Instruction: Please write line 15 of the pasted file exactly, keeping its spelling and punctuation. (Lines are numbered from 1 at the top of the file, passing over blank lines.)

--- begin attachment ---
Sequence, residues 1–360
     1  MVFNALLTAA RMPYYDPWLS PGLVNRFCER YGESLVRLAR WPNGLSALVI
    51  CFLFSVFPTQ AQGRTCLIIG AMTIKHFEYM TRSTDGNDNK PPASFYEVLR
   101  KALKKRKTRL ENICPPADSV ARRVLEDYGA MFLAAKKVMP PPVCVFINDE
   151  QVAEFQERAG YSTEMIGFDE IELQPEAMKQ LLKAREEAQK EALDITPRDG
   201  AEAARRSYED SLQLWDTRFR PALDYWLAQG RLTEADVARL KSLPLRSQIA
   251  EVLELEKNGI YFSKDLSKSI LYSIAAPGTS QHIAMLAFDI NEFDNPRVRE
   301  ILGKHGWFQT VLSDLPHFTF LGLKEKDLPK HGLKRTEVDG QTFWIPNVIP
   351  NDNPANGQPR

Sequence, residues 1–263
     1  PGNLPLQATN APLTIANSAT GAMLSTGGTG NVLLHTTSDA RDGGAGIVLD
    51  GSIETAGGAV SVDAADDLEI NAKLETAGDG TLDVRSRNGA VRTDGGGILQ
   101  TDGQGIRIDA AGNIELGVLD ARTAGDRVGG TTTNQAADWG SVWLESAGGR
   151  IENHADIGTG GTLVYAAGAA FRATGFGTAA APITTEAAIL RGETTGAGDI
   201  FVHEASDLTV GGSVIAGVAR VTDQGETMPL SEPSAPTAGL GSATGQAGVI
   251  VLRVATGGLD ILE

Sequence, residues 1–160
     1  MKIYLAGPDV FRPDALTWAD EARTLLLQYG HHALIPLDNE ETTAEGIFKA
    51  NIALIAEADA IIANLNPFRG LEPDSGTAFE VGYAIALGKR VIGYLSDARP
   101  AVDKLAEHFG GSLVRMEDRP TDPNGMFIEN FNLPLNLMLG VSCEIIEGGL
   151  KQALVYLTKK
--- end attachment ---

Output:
   201  FVHEASDLTV GGSVIAGVAR VTDQGETMPL SEPSAPTAGL GSATGQAGVI